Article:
GLOBAL AQUACULTURE CONSULTANTS (GAC)
Development/Evaluation/Training
81 Fieldwood Drive
Toronto, Ontario
M1V 3G3   Canada

Tel: (416) 297-6045
E-mail:
                               
"Eat fish and seafood twice a week: It can make a difference."
                                                                            ~
J.A. Nettleton
  • “Physicians and dietitians regularly suggest fish for
    healthy eating at least twice a week because of their
    exceptional nutritional value.
                                         
  • Wild and farmed fish have the same nutritional value
    and both are superior to beef, pork and chicken.
                                  
  • Fish meat is one of the best sources of high-quality
    protein and also, vitamins A, B, D and minerals such as
    calcium, phosphorous, iron, copper, selenium and
    iodine.

  • Fish protein is made up of long-chains of small subunits
    called amino acids and that is why fish meat contains
    the essential amino acids which cannot be
    manufactured by human body but must be ingested
    in the diet.

  • These amino acids are  Arginine, Histidine, Lysine,
    Leucine, Isoleucine, Valine, Methonine, Phenylalanine,
    Threonine and Tryptophan.

  • Besides, fish protein is low-fat and easier to digest than
    that of other meats because fish meat has very little
    connective tissue and shorter muscle fiber.

  • Moreover, the fats of fish, unlike that of other meats,
    are unsaturated fatty acids that lower blood
    cholesterol level and triglycerides (fats) in human body
    and reduce the incidence of cardiovascular disease.

  • Also, updated scientific analysis corrected the unfair
    reputation about shellfish (mollusks and crustaceans)
    raising cholesterol levels as they are low in calories,
    total fat, saturated fat, have little or no effect on the
    plasma cholesterol and are good sources of omega-3
    fatty acid.
                                        
  • Omega-3s are long-chain polyunsaturated fatty acids
    (n-3 PUFA) found almost exclusively in fish, particularly
    fatty fish such as salmon, trout, tuna, mackerel,
    herring, sardines and also, shellfish or fish oils; smaller
    amounts are found in some plants and plant oils.

  • Omega-3s occur in three forms: ALA, the short-chain
    alpha linolenic acid and the long-chain, EPA and DHA,
    eicosapentaenoic acid and docosahexaenoic acid
    respectively.

  • DHA and EPA are totally absent from plant sources
    but ALA is found in flax, walnuts, canola and soybean
    oils.

  • DHA and EPA are proved to be scientifically vital for
    human health from the cradle to the rocker.

  • DHA, in particular, is most important for the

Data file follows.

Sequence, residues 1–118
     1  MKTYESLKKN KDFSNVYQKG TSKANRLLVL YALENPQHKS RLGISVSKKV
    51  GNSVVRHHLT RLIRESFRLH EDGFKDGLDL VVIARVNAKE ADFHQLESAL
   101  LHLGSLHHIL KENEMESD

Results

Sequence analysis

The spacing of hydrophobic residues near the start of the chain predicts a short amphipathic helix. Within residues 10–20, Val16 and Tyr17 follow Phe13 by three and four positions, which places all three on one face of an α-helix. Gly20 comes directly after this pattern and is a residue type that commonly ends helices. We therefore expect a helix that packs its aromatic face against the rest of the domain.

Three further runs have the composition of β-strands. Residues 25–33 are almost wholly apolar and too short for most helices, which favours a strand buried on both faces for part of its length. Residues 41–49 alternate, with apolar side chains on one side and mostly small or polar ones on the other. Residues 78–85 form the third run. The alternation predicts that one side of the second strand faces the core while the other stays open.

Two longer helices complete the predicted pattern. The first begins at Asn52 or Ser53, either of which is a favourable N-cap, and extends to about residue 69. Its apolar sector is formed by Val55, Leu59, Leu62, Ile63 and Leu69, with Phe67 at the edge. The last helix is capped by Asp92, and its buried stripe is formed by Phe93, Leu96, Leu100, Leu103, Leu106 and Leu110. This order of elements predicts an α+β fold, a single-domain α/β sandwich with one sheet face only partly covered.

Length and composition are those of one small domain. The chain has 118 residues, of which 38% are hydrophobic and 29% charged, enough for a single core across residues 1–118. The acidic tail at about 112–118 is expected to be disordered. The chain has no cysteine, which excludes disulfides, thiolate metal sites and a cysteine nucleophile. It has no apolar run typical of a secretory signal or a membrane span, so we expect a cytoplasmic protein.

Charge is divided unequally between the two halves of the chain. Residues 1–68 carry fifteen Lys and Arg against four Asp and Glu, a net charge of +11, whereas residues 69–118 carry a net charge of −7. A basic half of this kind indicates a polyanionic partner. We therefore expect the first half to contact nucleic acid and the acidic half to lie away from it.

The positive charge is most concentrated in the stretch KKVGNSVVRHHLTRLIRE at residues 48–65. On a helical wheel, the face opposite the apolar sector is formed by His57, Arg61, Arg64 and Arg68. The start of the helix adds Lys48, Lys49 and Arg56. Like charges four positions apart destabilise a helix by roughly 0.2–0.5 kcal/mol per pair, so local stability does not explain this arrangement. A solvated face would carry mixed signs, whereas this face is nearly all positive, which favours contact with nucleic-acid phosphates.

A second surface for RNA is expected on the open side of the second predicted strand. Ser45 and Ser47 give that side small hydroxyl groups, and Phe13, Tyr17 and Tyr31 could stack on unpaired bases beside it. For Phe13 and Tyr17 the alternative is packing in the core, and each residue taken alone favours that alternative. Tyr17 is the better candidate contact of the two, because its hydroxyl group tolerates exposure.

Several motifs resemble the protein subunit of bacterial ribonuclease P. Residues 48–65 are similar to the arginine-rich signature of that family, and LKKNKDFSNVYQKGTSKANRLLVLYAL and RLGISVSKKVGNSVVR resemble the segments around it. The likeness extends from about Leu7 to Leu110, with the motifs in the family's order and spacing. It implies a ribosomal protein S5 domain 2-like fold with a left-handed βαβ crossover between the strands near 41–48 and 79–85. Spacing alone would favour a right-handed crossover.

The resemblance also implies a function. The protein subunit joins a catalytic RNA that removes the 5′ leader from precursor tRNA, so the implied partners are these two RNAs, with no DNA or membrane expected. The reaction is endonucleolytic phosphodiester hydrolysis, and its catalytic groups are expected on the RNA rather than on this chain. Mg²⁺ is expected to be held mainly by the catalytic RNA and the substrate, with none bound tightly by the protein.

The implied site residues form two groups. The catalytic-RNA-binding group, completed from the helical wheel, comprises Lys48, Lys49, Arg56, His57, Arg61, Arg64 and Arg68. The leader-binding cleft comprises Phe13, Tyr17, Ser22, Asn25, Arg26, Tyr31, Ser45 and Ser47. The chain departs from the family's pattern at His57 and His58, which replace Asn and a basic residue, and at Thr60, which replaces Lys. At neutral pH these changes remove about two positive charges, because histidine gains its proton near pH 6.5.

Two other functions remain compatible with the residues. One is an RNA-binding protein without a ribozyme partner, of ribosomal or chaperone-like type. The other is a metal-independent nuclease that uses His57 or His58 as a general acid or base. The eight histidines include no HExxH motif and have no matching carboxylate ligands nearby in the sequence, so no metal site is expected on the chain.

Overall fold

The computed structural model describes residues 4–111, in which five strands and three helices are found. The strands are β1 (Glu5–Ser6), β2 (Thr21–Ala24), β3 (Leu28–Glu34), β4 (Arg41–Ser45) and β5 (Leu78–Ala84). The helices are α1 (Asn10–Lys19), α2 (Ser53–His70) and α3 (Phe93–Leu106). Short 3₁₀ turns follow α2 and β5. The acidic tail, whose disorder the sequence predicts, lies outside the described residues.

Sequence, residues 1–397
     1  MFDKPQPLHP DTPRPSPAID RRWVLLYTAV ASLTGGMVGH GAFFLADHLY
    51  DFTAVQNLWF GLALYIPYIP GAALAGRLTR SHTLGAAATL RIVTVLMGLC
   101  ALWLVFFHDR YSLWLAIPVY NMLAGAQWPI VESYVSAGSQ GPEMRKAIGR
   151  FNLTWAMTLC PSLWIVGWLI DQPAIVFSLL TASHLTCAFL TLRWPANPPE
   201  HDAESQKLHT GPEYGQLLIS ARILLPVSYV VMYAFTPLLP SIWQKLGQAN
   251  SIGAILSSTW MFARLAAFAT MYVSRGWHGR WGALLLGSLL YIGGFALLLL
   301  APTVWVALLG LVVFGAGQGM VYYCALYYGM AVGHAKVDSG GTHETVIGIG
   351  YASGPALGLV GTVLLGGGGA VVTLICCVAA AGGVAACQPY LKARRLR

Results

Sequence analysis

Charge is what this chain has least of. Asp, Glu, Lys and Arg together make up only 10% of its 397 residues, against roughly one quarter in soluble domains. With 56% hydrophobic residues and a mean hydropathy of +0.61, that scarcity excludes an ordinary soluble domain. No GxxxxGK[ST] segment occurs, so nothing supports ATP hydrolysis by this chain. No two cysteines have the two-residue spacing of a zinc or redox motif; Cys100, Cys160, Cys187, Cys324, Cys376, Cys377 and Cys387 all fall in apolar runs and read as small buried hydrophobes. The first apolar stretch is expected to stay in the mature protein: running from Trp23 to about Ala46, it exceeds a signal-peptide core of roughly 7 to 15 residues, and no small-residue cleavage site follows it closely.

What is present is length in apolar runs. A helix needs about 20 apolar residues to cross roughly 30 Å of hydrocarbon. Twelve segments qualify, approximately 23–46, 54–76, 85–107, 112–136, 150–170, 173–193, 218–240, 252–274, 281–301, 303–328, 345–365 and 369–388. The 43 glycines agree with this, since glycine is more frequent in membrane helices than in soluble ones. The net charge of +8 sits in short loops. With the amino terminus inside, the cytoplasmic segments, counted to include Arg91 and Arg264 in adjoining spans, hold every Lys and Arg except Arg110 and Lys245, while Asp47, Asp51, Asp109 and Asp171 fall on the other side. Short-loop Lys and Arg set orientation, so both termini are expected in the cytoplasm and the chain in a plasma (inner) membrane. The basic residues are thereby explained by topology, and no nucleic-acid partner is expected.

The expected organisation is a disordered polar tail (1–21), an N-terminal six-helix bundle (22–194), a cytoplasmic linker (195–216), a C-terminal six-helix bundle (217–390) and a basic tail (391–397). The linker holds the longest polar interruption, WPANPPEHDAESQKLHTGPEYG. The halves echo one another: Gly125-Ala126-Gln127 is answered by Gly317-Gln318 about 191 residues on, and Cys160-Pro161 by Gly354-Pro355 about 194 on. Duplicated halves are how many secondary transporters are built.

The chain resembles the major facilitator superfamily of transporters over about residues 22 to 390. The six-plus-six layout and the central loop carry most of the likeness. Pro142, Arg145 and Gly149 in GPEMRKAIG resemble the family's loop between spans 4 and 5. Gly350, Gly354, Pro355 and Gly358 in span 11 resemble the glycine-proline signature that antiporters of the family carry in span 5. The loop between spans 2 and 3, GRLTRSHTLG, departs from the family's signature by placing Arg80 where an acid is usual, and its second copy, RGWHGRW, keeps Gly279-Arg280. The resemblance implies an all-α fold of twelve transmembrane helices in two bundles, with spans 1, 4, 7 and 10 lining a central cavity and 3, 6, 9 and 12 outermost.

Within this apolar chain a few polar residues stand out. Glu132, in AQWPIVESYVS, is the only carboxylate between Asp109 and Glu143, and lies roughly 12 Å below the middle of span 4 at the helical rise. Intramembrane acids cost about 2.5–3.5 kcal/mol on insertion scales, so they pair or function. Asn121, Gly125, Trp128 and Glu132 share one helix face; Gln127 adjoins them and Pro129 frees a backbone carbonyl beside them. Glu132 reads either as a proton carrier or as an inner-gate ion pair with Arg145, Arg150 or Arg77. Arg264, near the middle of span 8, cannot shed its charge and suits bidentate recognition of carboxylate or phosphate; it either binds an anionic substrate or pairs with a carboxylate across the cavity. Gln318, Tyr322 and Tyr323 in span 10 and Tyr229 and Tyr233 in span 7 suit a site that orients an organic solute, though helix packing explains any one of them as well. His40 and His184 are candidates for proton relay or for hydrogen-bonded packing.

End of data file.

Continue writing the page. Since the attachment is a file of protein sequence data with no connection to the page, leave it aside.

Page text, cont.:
development of human brain and retina of the eye.

  • DHA is essential because fats make up more than 60%
    of the human brain and nervous system, and a
    considerable part of that is DHA.

  • DHA is incorporated into the brain during fetal  
    development and the first two years of life.

  • Besides, omega-3s make blood clotting more difficult,
    improve heart beat and prevent the build up of   
    “plaque” on artery  walls (atherosclerosis) which
    causes heart attack and stroke.
                                         
  • Also, they reduce: heart disease by lowering blood
    fats and pressure; levels of blood sugar and damage
    to kidney that occurs in some insulin-dependent
    diabetics; the development of Alzheimer's disease in
    senior citizens; certain inflammatory diseases such as
    arthritis and psoriasis; risk of some types of cancer; and
    various forms of depression.

  • Therefore, eating dietary fiber, fresh fish and shellfish is
    extremely important for human health.

  • Fish and shellfish lose their nutritional value if they are
    not chilled immediately after being caught or eaten
    fresh.”

  • Another very important fact is that fish do not require
    energy to maintain their body temperature because
    they are poikilothermic (“cold-blooded”) and that is
    why they can convert only 2 pounds (0.9 kg) or less of
    feed per pound of life weight while cattle and poultry
    require energy to maintain their body temperature
    because they are warm-blooded and convert 8-10
    pounds (3-6-4.5 kg) and 3 pounds (1.4 kg) of feed per
    pound of live weight respectively.
                                                                      
       
By TT George at Aquaculture Canada 2007.
Howard Robinson
WHY FISH?
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